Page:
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WHERE did it all go right for Kilkenny?

The city is one of Ireland’s most expensive for hotel rooms, turns into ‘Temple Bar’ on Saturday nights, and seems to mount a festival every other weekend. That’s not even starting on the number of visits ‘Liam McCarthy’ has made to Langton’s.

More populous counties like Meath, Kildare and Wexford must wonder how the Cats got hold of their pixie dust. But there are basic reasons for Kilkenny’s success. There’s the irresistible atmosphere of a modern city knitted into a medieval core. One minute you’re eating pan-fried hake with chorizo puree cooked by Maria Raftery, at Zuni, the next you’re stumbling upon Harry Clarke’s stained-glass windows in St Canice’s cathedral.

Heritage isn’t confined to the city. Think of Dunmore Cave, the ‘lost town’ of Jerpoint Park, or that extraordinary crusader effigy, the Long Man of Kilfane. New food and craft trails threaded through the county are the match of any in Cumbria or the Cotswolds.

Kilkenny is compact, close-knit and historic, but it boasts a remarkable number of contemporary hotels in or around the city centre. We checked into the four-star Kilkenny Ormonde, shoehorned into the thick of things on Ormonde Street.

FIRST IMPRESSIONS

Check-in is a dream. I arrive with a rental car that needs dropping off at the Dublin Road roundabout, so my first question at reception concerns directions. “Let me call them to pick the car up,” says duty manager, Roy Kavanagh. It spares me an hour of hassle in Friday evening traffic.

Service is a hallmark of our stay. When I call down for a cot, it arrives in less than five minutes. The following morning, we need our toddler’s sleep-suit laundered before his nap. It is collected, washed, dried and returned before 11am. I’d love to say that’s normal for a four-star hotel, but, unfortunately, it’s not. We’re made to feel like guests rather than reservation numbers.

THE ROOM

With kids in tow, we stay in interconnecting ‘superior’ rooms — 217 and 218. They’re large for the central location, with double and single beds and decent bathrooms. Satin throws and aubergine curtains splash colour about the interiors, and there’s a small flat-screen TV. It’s comfortable without being luxurious — the main selling point is the space.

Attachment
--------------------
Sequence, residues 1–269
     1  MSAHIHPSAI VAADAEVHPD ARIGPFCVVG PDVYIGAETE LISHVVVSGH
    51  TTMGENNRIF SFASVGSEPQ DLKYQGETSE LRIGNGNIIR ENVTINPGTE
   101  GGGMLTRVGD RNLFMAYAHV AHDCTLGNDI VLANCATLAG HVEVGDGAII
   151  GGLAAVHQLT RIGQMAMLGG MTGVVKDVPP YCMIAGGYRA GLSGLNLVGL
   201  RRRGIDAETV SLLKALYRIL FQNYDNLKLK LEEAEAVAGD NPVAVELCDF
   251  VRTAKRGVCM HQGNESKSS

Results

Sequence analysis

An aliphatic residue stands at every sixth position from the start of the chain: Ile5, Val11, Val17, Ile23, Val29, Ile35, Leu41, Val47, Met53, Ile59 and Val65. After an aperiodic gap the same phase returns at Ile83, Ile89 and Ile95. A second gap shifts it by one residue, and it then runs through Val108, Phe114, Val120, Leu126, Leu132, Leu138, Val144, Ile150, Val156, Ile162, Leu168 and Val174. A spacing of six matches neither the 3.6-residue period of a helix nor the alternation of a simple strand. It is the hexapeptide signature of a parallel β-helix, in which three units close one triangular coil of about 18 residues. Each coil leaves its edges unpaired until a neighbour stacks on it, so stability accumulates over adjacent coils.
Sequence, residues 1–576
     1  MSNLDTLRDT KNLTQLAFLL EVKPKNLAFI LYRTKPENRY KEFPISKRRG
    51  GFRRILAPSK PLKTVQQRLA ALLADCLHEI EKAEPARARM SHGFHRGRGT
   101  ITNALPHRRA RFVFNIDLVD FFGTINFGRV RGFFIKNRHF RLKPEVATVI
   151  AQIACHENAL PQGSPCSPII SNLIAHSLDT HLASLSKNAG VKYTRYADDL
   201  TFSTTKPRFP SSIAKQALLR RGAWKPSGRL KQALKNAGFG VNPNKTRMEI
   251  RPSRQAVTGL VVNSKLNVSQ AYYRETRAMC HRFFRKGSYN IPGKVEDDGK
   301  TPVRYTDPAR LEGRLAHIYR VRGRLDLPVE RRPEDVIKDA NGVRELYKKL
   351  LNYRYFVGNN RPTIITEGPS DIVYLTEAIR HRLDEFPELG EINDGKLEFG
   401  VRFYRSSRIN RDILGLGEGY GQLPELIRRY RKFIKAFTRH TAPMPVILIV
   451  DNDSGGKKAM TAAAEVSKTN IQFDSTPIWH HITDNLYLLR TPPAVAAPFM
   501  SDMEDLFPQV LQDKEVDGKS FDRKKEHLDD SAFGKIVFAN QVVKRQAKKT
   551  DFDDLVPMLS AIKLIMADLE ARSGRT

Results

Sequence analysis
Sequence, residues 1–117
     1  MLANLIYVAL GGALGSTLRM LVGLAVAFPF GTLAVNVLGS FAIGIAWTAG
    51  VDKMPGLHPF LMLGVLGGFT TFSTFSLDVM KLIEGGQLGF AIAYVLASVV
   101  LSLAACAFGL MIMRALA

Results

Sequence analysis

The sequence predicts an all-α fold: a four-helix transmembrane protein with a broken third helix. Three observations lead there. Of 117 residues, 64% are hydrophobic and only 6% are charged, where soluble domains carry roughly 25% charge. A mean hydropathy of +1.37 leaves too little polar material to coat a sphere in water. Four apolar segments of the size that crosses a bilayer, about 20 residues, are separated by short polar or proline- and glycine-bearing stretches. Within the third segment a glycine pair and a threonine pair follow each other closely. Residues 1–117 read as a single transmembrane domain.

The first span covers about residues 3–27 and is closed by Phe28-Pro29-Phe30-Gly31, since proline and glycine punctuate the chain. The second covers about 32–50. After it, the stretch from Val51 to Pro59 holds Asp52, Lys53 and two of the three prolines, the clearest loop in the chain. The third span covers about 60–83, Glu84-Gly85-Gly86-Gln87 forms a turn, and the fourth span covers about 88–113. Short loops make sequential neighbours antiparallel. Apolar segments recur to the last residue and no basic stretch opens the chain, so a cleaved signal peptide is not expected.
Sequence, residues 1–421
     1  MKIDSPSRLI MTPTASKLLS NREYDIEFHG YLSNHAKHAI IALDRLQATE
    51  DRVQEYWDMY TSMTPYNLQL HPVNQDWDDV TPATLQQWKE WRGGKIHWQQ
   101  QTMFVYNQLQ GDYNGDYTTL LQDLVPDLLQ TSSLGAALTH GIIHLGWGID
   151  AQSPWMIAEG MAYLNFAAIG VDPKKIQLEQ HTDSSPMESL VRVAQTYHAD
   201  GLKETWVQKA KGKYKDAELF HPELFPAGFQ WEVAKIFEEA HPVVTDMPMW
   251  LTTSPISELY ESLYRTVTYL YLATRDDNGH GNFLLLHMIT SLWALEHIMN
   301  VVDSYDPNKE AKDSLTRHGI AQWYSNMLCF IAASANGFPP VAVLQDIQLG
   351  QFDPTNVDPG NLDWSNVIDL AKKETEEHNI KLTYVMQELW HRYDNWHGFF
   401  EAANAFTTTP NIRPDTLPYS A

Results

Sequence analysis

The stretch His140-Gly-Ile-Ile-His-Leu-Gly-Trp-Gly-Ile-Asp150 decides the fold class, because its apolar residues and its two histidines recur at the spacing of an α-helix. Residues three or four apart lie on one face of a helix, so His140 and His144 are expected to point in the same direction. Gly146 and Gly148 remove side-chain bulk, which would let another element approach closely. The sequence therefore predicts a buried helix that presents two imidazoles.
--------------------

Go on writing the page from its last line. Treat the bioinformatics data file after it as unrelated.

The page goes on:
Kilkenny is a party town at weekends, so bear that in mind when you book. It’s great if you’re painting the place red, but, if not, you may be woken by the muffled throb of music, and the steady stream of guests returning to their rooms in the wee hours. I felt like giving the kids the run of the corridors at 7am the following morning, but managed to hold myself in check.

THE FOOD

There are several foodie stops worth trying in Kilkenny City — amongst them Zuni, Campagne and the very choclatey Café Mocha. With this in mind, we opted not to eat dinner at the hotel’s Savour Restaurant, and to make the most of our time in town.

We did show up for breakfast each morning, however. Our juice was from concentrate and the toast was served in a basket (which meant it was soft and floppy within minutes), but we enjoyed a tasty selection of mini-pastries and pain-au-chocolats, hefty helpings of bacon and sausages, and I made up for the lack of fresh OJ with a bowl of fresh fruit salad from the buffet.

“Will I send some breakfast up to mum?” asked Mags, our waitress, when I appeared on Saturday morning with the kids. Brownie points were showered upon her.

THE AMENITIES

It’s hard to get a hotel pool just right. On the one hand, you want it long enough to satisfy guests who swim laps. On the other, families like splash pools, warmer temperatures and different depths to suit their little Octonauts. And everyone likes a bit of atmosphere and evocative lighting.

The KO spa and health club, reached via a chilly corridor under Ormonde Street, ticks most of the boxes. The main pool is 21m long, a smaller kids’ offering is comfortably heated, there are various bubbles and steps, and children are permitted from 9am to 7.30pm on weekends. Adults can enjoy the place to themselves outside of those times, or stowaway in the sauna, steam room or Jacuzzi.

WHAT TO DO

Location, location, location. It’s the critical factor with any hotel, and the Ormonde’s location — just off High Street — is an absolute peach. Sure, our room overlooks a car park, but the trade-off is a three-minute walk to Kilkenny Castle, and a short hop (or stagger) to pubs like Langton’s, Cleere’s or the brilliantly eccentric Hole in the Wall.

Much as the city has going for it, however, it’s also worth taking a day to explore its gorgeous network of surrounding towns and villages. Think of the Reptile Village in Gowran, the cafes and crafts shops of Thomastown, the Discovery Park outside Castlecomer, or Inistioge, with its beautiful arched-bridge over the River Nore — its summer festival takes place over the June bank holiday weekend.

For more on Kilkenny, check visitkilkenny.ie or trailkilkenny.ie.

THE BOTTOM LINE

The Kilkenny Ormonde has a midweek madness offer bundling two nights’ B&B and one dinner from €109pps in May and June. 056-7750200; kilkennyormonde.com.

ANYTHING TO ADD

A few housekeeping notes. Firstly, parking at the Ormonde is across the street in a multi-storey, and charged at €5 per day. Next, although there is free Wi-Fi in the lobby, internet access in our room was via a cable connection — not ideal for smartphones, iPads or working with a laptop away from the desk.

But, all told, this is a confident hotel in a very confident Irish city.


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